In telling people about my marathon plans, the question I have most often gotten is why?, as in, “Why on earth would you want to run a marathon? You don’t even like running!” I've gotten this “why?” question so often that it’s actually gotten me asking myself that very same thing. So I thought I’d take the opportunity in this last week before the training starts, to sit down and see if I can actually convey the answer to those who ask and to myself: Why AM I running a marathon?
(If you want the short answer, just skip down to the last line. If you've got a few minutes and are interested in how I got to that answer, read on.)
Let’s back up. I was never a runner growing up. In fact, I HATED running! I dreaded the Presidential Physical Fitness Test and its 1-mile run for months every year leading up to it, sure that attempting to run it would make me physically ill and knowing that I would finish dead last. I was a ballerina (pretty hard to believe for those of you who didn’t know me then) not a runner! My complete disdain for running continued all through high school and college, and even a few years beyond. I was always active but avoided all activities that included (or could potentially include) running.
Fast forward a few years. I met Deb and we set off on a whirlwind of adventures that would carry us through to this very day and our latest adventure of running the Lake Placid Marathon. Somehow—I honestly have no idea how—Deb convinced me to start running with her and she got me to sign up for my first 5K. Once I did it, I latched right onto the idea of the free t-shirt and continued to run 5Ks and even a couple of 10Ks purely for the t-shirts. Eventually the lure of the free t-shirt lost its luster and I stopped entering races for a while… but didn’t actually stop running. Huh. Why would I run if not for the free shirt?
A few years later, with my 30th and Deb’s 40th birthdays imminent, we decided to tackle a half marathon to commemorate this decade-changing year for both of us. We trained for and ran the Virginia Beach Rock ‘n Roll Half Marathon. I think we both had it in the back of our minds that since we did a half marathon to commemorate 30 and 40, it would only make sense to do a full marathon 10 years later to mark 40 and 50. That’s a pretty safe thought to have with it still 10 years out!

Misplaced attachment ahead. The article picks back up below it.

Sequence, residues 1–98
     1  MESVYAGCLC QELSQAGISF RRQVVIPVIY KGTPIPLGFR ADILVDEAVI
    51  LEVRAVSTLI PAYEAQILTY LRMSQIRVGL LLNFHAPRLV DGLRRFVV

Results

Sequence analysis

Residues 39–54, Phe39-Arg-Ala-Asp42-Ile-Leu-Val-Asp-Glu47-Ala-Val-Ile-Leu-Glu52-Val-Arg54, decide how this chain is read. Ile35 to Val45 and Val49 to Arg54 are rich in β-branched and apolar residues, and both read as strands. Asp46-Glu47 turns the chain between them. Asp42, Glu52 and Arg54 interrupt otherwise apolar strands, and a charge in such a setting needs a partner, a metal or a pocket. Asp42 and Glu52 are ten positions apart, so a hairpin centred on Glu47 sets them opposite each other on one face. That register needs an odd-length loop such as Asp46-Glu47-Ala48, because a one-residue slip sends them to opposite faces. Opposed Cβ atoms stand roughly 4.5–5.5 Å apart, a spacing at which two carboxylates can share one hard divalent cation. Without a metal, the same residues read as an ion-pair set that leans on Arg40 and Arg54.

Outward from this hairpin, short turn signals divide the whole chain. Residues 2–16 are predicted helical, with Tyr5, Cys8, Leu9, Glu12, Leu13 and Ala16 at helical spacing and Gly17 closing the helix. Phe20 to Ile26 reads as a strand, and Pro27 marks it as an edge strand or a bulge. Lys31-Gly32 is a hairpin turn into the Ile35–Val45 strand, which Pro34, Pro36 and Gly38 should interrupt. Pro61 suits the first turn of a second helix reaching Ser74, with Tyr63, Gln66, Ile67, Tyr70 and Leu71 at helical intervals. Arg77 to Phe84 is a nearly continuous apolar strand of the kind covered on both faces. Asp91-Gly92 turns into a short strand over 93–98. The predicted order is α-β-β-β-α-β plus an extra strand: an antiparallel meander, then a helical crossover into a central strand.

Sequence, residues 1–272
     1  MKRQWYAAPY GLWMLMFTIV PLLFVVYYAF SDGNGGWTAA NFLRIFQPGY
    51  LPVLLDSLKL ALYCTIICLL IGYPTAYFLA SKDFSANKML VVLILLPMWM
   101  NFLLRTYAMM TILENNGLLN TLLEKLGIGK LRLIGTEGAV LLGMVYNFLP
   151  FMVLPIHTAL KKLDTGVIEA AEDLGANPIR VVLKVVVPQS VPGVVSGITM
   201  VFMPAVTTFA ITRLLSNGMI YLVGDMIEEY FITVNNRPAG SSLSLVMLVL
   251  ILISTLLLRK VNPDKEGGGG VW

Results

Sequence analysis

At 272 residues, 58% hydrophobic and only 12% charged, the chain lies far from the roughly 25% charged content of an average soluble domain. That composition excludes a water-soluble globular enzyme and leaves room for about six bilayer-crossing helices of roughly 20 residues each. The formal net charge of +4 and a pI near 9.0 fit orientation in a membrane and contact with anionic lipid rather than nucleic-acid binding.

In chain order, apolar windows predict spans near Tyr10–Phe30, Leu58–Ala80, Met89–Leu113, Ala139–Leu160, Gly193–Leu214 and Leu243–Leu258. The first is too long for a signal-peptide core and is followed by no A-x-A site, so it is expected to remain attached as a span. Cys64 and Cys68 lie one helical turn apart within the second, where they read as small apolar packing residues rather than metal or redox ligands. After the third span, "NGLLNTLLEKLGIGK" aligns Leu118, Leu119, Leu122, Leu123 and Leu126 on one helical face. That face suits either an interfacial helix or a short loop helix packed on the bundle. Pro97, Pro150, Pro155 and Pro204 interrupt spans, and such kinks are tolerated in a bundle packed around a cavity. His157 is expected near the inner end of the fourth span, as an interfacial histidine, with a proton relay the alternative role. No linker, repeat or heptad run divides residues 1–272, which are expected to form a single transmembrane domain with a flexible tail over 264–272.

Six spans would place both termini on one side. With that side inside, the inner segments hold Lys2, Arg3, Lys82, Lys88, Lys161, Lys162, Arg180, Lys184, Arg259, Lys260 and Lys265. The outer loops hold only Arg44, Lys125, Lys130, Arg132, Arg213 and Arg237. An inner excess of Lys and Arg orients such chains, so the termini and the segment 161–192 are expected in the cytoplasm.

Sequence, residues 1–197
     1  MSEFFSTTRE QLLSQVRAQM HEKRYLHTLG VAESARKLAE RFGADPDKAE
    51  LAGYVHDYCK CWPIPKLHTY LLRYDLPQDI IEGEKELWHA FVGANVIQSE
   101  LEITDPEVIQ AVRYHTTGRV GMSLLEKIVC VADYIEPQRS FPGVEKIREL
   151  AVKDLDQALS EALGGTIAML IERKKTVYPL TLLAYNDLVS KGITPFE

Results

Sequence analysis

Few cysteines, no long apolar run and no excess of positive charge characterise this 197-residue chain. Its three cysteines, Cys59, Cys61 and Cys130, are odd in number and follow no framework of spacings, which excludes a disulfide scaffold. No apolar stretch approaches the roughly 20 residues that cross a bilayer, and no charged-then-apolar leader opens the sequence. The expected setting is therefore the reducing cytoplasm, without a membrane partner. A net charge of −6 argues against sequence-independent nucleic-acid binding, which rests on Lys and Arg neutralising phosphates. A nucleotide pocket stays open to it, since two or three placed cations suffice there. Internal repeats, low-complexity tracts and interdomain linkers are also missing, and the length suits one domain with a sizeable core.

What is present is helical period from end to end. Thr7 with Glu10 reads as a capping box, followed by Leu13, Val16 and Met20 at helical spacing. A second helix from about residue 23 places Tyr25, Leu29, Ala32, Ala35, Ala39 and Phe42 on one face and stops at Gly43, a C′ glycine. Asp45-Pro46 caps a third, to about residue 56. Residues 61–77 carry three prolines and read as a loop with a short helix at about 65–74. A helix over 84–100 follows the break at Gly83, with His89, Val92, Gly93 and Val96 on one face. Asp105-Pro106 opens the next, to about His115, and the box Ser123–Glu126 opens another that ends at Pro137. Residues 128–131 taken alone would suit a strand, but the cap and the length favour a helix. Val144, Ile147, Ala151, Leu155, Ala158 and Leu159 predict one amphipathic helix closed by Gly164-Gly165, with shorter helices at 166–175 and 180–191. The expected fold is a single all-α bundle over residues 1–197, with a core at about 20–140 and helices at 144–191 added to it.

The years passed, Deb and I continued to run together off and on, doing a 15K each July and trying to generally stay in shape. I took a couple of years off to have babies, but then slowly got back to running. The marathon may have been vaguely alluded to at times, but it was never really talked about or planned…it was always just there in the back of our minds.
Then, Deb got caught up in marathon fever at the Boston Marathon Expo the day before the 2012 Boston Marathon (she was there to watch a friend run it), and sent me a crazy text saying we should run another half marathon—the Providence Rock ‘N Roll Half that September. Early registration ended that day, so we acted fast (too fast perhaps) and signed up! In training for that half, I came face to face with the reality of the time commitment it took to properly train for a half, and decided that I couldn't actually train for a full marathon at this stage in my life. I let Deb know that and then put any and all 40th birthday marathon ideas out of my head.
Skip ahead to this past November. Deb went ahead and registered for the Lake Placid Marathon! She was following through and running a full marathon to mark the turning of another decade. She chose Lake Placid because the date was close to her birthday and because Lake Placid has been our stomping grounds over the last 15 years of hiking the High Peaks together. I was super excited for her and planned to be the best spectator any runner had ever seen!
But wait a minute—could I really spectate and not participate? Could I really pass up this chance to run a marathon in celebration of my 40th birthday? I knew that if I didn't run this marathon for this reason with Deb, I would most likely never run a marathon. This was my chance, my one chance, as I saw it. Suddenly, the call of the marathon got louder and the pull got stronger, and I couldn't get the thought of it out of my mind. My husband assured me that he was completely supportive and on board if this was what I wanted to do. I agonized over the decision for a few weeks, even dragging Deb and my kids up to Lake Placid to drive the course so I could see it for myself. I knew it was going to be a hilly one and I had to see those hills for myself—maybe it wouldn't be as bad as I was imagining. It was. Maybe even worse than I had imagined.
But then, given the severely stubborn will that has been the driving force behind the initiation and completion of the majority of my life’s adventures, and the competitive spirit that just couldn't let Deb do this without me, I registered for a marathon!
So, to sum it all up: I am running a marathon because I’m just stubborn enough to do it, and because Deb is also. And for me, that’s reason enough!
Training starts Monday!